2023 Porsche 911 Targa 4 GTS Review


  • Beautiful styling

  • Superb performance

  • All-weather excitement


  • Expensive

  • Slight road noise increase




The extra weight of the Targa over the Cabriolet for me is small price to pay for the extra style that this flavor of 911 exudes.

There are few more iconic sports car shapes than the Porsche 911, and I’d argue there are no more iconic targas than the 911 Targa. It helps that Porsche is one of the few major manufacturers still making the things, but that doesn’t change the fact that this is the one that defines the template.

What is a targa? Not quite a hardtop coupe, not quite a convertible, a targa attempts to split the difference. Whether it’s something like the split T-Tops of the ’80s and ’90s or the more comprehensive setup you see here, a targa has always been a good choice for someone who wanted the feeling of open-top motoring without all the compromises that a convertible brings to the table.


Mind you, there are still a few compromises here. Porsche’s 911 Targa 4 GTS weighs 3,653 pounds, about 200 pounds more than a comparable Carrera 4 GTS, 50 more even than a Cabriolet, but it comes with a number of advantages. Perhaps most significant? The look. That iconic, fat B-pillar roll hoop that defines this car is just as strong as ever on this, the latest version of the Porsche 911, the 992.

Still there and still creating some massive blind-spots, but harkening back to the 1965 911 Targa that kicked all this off. This new Targa is rather more advanced, though, with a power-folding mechanism that drops the top in 19 seconds.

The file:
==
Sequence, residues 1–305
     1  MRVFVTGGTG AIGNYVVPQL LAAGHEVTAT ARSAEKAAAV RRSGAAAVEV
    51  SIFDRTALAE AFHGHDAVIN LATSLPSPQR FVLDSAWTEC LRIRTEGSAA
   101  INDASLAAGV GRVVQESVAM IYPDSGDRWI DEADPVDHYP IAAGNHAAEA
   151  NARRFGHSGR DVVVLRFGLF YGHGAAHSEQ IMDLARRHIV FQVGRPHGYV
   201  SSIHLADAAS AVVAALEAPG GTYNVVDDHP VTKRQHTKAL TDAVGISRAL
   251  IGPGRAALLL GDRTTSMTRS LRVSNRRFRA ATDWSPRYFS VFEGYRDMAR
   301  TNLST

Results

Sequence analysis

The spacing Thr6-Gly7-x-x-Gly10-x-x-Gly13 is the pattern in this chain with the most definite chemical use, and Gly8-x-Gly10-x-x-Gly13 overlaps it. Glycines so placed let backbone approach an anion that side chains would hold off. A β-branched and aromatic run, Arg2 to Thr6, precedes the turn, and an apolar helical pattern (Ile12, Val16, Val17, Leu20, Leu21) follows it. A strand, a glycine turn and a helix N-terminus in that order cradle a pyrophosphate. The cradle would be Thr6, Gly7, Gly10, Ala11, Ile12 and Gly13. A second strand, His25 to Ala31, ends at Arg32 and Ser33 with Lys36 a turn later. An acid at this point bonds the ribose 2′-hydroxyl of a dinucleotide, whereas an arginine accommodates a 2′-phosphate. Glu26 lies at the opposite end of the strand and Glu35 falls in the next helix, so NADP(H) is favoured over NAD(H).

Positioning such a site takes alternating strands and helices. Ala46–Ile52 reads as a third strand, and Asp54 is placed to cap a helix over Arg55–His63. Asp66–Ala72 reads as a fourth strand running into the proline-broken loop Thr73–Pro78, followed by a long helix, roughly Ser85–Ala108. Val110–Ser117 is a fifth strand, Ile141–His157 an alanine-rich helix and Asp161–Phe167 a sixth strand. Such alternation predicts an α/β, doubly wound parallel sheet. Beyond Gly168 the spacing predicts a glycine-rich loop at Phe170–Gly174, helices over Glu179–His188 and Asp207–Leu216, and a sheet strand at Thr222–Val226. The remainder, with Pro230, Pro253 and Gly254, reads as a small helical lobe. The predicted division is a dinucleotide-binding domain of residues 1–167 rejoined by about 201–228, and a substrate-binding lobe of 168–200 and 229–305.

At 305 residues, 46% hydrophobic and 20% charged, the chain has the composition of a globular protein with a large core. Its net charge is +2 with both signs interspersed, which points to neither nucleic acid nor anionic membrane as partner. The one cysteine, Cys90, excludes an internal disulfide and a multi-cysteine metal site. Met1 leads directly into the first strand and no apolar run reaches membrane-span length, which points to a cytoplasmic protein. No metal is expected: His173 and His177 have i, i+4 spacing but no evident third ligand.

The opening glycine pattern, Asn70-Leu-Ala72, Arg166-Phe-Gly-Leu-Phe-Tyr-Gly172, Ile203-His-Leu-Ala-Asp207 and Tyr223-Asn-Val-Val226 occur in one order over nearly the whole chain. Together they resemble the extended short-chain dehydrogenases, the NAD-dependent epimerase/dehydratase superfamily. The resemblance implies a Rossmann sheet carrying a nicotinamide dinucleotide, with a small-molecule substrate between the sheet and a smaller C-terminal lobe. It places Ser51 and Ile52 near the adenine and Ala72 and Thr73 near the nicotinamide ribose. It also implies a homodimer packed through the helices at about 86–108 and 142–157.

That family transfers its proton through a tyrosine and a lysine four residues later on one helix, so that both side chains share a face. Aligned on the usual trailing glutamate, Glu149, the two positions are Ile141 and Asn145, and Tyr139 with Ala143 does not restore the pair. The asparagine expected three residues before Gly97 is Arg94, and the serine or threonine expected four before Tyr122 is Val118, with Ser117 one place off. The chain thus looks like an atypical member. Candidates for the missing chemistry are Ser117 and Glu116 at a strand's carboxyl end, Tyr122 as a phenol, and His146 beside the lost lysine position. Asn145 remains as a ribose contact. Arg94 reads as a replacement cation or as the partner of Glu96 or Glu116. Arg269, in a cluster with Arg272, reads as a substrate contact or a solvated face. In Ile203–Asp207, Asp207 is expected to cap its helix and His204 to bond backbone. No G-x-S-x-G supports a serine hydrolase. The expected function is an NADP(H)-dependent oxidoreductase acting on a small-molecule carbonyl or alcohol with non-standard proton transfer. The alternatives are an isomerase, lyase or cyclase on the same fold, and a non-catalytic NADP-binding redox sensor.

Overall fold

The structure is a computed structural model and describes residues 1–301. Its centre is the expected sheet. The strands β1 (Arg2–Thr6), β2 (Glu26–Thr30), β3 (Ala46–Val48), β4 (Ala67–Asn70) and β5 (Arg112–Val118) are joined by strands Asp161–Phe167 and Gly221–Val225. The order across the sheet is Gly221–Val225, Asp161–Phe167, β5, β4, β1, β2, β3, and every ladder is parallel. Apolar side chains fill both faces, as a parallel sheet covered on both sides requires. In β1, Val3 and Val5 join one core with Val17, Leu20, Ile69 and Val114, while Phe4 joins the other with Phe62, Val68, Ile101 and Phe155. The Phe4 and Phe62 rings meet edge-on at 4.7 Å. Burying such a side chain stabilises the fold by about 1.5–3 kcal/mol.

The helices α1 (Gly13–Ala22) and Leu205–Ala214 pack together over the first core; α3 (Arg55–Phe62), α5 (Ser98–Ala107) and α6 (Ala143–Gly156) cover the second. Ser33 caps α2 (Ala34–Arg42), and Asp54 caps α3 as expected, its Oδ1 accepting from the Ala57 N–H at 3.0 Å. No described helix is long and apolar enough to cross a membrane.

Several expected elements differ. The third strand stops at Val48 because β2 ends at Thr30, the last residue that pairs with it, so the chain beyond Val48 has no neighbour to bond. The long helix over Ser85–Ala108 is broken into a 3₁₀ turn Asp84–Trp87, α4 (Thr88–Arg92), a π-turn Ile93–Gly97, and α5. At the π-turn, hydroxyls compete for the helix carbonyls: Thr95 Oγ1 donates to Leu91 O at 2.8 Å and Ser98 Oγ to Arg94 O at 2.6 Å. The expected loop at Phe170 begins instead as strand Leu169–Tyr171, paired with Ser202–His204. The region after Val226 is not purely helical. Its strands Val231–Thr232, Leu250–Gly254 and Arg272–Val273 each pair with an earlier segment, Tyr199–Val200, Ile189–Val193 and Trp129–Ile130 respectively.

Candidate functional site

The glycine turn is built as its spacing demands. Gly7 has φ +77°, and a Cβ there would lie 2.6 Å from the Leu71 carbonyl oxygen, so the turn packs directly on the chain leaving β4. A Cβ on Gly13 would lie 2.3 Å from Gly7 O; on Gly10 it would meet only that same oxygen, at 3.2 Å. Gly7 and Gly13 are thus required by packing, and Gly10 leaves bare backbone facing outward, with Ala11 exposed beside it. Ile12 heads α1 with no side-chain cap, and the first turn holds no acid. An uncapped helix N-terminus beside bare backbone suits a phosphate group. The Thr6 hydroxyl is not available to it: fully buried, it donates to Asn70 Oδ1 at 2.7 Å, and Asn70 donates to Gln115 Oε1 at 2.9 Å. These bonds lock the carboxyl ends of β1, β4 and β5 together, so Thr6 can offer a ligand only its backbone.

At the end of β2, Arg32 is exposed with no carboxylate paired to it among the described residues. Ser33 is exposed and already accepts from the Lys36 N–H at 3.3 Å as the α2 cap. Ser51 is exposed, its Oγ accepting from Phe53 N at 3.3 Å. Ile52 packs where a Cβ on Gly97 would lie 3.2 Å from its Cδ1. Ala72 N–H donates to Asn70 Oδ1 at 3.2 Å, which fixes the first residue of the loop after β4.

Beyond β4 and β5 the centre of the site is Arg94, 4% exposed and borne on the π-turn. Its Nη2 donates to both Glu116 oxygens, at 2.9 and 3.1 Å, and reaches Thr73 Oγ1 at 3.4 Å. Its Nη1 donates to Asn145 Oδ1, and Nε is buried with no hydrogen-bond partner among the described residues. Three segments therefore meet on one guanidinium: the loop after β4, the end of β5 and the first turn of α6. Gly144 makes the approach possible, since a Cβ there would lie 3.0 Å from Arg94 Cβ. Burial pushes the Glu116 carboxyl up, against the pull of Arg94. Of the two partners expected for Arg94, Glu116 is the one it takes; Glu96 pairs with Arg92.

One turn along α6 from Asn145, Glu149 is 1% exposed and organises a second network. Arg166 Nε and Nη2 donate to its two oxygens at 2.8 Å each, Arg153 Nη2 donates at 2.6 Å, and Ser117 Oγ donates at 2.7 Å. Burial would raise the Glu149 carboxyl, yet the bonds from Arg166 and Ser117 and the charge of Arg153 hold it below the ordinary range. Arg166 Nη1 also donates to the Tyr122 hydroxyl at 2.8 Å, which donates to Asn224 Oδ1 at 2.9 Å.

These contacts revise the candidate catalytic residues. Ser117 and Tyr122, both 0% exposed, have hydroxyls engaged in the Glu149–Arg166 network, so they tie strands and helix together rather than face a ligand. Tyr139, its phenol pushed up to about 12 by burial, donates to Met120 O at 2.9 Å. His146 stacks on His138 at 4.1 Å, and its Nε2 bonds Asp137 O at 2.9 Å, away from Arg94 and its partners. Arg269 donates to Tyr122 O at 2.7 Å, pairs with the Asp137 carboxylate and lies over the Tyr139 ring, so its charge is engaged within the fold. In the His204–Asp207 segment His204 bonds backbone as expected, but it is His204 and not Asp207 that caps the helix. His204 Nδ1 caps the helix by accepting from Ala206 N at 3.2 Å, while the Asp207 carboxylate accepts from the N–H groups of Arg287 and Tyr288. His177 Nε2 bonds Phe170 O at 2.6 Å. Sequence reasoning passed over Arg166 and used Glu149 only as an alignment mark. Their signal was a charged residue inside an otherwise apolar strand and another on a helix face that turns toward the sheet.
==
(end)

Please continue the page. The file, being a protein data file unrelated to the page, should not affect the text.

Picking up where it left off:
That wide hoop flows perfectly into the giant sheet of curved glass that is the other signature element of the Targa, a pane that is hoisted rearward by the folding mechanism to allow the fabric portion of the top to tuck itself into the rear parcel shelf. It’s a dramatic process.

With the top up, the 911 Targa is very nearly as civilized as a regular 911 Carrera. There’s a bit more road and wind noise, sure, and harsh suspension compressions like separation joints on concrete do tend to jar the nerves, but part of that must also be attributed to the massive 245/35 R 20 front and 305/30 R 21 rear tires on here.

With the top down and the windows down, the driving experience is every bit as good as a convertible. The wind pattern is a bit different, and if you’re the sort who likes to roll with the top down and the windows up you’re going to have some buffeting to deal with. But, drop the windows down a few inches and all that goes away.


On the inside, the 911 Targa is little different than a standard 992 Porsche 911. A pair of buttons sit just ahead of the central cupholder, one to drop the top and another to hoist it. Then there’s a single latch positioned above the rear-view mirror that engages and disengages all on its own. The headliner is just as soft and premium as you’d expect on a coupe, though not quite as nice as the Alcantara-like material that covers the inside of the roll hoop.